“Not everyone wants a skull painting in their kitchen,” Bryer said.

While making it work as an artist and finding the right middle ground between one’s passions and the realities of the art business may be difficult, it can be done. Roshi K works as an artist in Austin and has produced many commissioned pieces for clients, such as Fun Fun Fun Fest and the Victoria Festival. She has found that the key to transitioning from working on the street to being a professional may lie in making the right connections and aggressively pursuing clients.

“(You need to) do well at marketing yourself and putting yourself out there, and you’re working and talking with people, which means you can’t be shy,” Roshi said.

Roshi also emphasizes the importance of striking the right balance between quality and quantity, producing enough to work to create a healthy reputation while also making sure that each piece is up to one’s standards.

And having some talent doesn’t hurt either.

“It’s one of those things where if you’re producing a ton of amazing pieces, of course that’s going to be more likely to catch a lot of people’s attention,” Roshi said.

Art studio hosts gala to inspire artists with disabilities

 

Stephen S. proudly displays his bedazzled masterpiece, "Sparkle Chicken" at the Arc of the Arts studio in Austin, Texas. One of Stephen's jeweled sculptures was sold instantly at the Building Bridges silent auction on Oct. 22.

Stephen R. proudly displays his bedazzled masterpiece, “Sparkle Chicken” at the Arc of the Arts studio in Austin, Texas. One of Stephen’s jeweled sculptures was sold instantly at the Building Bridges silent auction on Oct. 22. (Photo by Silvana Di Ravenna)

By Silvana Di Ravenna, Joe McMahon and Alice Kozdemba

In celebration of creativity and talent, the Arc of the Arts Studio and Gallery  hosted its 15th annual Building Bridges art gala and auction at the Hyatt Regency on Barton Springs Rd. on Oct. 22. The gala is one of several annual events that the organization hosts to showcase the work of the studio’s 65 artists.  Arc of the Arts  is part of the Arc of the Capital Area, a nonprofit organization that provides support to intellectually or developmentally challenged teens and adults.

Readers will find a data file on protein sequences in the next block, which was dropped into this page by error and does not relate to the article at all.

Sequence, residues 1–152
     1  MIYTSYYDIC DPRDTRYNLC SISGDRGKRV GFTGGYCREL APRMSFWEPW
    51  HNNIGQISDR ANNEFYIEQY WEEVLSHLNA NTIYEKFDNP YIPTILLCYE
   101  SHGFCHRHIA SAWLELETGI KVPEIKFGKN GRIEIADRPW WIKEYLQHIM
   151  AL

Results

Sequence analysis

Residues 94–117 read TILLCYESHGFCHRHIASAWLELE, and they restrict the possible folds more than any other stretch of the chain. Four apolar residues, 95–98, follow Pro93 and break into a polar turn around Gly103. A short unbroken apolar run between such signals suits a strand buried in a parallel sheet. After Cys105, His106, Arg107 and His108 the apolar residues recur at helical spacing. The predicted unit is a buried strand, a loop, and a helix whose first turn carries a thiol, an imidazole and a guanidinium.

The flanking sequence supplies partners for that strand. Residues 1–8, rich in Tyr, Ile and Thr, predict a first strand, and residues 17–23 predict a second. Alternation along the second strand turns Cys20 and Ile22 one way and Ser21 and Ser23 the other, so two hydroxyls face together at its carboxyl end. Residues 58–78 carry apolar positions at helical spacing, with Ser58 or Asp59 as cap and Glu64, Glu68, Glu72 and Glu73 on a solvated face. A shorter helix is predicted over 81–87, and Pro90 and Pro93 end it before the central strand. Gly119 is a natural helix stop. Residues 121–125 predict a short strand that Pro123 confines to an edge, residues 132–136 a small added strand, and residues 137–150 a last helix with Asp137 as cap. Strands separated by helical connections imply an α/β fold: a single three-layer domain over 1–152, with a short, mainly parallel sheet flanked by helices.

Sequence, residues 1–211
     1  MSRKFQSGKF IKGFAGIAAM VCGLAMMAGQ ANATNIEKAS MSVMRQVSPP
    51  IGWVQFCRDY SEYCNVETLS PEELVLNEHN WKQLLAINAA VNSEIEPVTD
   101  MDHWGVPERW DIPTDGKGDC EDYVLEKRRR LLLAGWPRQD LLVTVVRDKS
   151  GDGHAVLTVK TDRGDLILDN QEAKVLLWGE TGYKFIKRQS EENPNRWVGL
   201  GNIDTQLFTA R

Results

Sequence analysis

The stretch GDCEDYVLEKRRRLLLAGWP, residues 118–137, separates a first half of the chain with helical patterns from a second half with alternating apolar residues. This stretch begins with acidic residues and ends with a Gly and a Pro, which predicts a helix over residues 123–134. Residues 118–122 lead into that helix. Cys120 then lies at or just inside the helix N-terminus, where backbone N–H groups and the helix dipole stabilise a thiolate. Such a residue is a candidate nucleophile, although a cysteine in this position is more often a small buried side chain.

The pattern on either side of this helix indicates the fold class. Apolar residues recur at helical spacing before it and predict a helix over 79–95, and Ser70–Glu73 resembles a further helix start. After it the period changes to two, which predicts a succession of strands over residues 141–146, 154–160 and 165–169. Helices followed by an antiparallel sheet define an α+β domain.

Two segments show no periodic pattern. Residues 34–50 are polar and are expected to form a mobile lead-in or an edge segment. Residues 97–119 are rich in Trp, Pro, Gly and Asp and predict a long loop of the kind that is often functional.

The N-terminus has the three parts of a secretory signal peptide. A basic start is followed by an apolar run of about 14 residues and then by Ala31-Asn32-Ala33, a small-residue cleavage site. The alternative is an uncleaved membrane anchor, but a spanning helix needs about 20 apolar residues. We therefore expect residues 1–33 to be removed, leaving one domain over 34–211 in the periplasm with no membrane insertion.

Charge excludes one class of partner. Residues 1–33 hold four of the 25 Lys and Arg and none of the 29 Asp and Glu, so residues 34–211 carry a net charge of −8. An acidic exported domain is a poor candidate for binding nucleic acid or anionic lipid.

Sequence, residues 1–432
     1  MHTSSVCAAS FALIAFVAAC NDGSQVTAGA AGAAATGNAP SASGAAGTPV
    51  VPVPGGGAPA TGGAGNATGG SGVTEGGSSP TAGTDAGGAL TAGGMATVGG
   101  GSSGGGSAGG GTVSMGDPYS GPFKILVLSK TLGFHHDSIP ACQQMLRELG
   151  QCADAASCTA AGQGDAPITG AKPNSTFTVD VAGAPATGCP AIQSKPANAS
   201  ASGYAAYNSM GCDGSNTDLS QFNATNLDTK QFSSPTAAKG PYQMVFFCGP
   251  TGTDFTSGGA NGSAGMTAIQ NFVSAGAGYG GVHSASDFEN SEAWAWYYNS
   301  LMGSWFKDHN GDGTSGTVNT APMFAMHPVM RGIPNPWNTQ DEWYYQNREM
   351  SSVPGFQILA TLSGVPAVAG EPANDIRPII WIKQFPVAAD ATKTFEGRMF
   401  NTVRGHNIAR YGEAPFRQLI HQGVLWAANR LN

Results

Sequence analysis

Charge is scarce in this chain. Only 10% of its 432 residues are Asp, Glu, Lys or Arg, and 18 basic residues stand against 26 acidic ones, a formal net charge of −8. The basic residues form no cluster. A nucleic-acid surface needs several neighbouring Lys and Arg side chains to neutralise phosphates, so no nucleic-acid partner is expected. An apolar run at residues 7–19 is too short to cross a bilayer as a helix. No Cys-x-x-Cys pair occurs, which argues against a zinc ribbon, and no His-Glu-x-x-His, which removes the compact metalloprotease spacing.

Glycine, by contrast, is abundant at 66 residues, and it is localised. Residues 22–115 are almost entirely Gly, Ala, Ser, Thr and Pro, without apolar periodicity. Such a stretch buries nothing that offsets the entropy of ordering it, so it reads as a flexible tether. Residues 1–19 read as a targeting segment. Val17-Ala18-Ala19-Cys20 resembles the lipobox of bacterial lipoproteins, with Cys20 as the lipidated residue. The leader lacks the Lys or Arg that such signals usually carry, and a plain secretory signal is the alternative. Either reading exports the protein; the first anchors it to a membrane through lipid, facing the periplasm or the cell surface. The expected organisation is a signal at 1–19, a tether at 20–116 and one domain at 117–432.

The night featured dozens of art displays, from jewelry and paintings, to drawings and sculptures. Dressed in cocktail attire, artists, donors and volunteers gathered around the displays to marvel at the vibrant colors and creations that were being proudly showcased by the artists of the Arc. Guests were served dinner, and had the chance to participate in art auctions and raffles. Building Bridges is a chance for Arc students to display their best pieces, and all proceeds made at the gala go back into the program.

Ann Wieding, Arc program manager, said students work on skills all year and instructors go through a critique process with each artist to determine which pieces will be displayed at Building Bridges.

“We take pictures and we talk about it, and the really nice pieces start to float to the top,” Wieding said. “Bridges is where everybody puts in 110 percent, and picks out their best piece.”

Tala S. a fifth year student with the program, was dressed to her best for the gala in a leopard printed dress , black jeweled necklace and a matching hat. She stood by her canvas painting of the Austin skyline and smiled for pictures and visitors. Tala has spent her time at the Arc mastering landscape and architecture painting styles.

“I find inspiration in Austin. I’m a big people person and I enjoy this place,” Tala said.

 

Students like Tala attend daily art classes at the Arc of the Arts Studio on Grover Ave. The classes are offered to students 14 and up, and most of the artists have common developmental disabilities, like autism, down syndrome and cerebral palsy. Classes take place Tuesday-Saturday and cost $25 a day per student.